Appeal option for Dismissals

Signing a large book at a desk

Why employers should have an Appeal as an option in the event of a Dismissal

In the event of an employment tribunal claim, the tribunal is looking for fairness and reasonableness during the process. We recommend that an Appeal is always offered as this enables the employee to challenge something they may see as unfair or challenge a procedural issue.

Dismissal for redundancy is technically free from the constraints of the ACAS Code of Practice for Disciplinary and Grievance Procedures but as there is a clear process for redundancy, Guildford HR strongly recommends that there is an Appeal procedure as this gives the employee an opportunity to raise a challenge. We advise employees if they want to make an appeal that they put this in writing explaining why they are appealing for example they feel the process has been unfair. Small employers are sometimes concerned that there is not always a different manager to hear an Appeal in a redundancy matter, Guildford HR has been able to step in and manage this stage of the process.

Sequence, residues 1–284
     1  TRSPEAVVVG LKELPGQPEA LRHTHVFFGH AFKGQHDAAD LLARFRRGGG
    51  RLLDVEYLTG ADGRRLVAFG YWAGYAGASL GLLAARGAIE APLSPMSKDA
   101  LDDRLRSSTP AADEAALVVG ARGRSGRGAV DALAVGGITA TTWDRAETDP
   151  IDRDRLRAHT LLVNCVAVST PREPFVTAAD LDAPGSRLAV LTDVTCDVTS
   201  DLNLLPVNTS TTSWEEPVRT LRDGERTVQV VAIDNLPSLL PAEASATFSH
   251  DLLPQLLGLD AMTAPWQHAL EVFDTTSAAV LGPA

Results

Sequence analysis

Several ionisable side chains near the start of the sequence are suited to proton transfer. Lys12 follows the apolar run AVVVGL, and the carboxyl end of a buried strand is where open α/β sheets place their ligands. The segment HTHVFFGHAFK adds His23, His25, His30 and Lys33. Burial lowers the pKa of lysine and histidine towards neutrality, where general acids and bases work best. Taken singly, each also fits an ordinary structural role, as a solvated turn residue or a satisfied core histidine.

In Moore V Phoenix Product Development the Employment Tribunal found an appeal would not have changed the decision, but as Daniel Barnett in The HR Inner Circle November 2021 edition, notes this is extremely rare. This case was a dismissal for “some other substantial reason”, the simple process did not need an appeal to make it fair, “the key feature was the pointlessness of an appeal… but the employee had sealed his own fate by his unacceptable behaviour and leading role in the breakdown of relationships”.

If your business is considering any form of dismissal Guildford HR recommends you follow ACAS guidelines: to be sure the process fair and reasonable.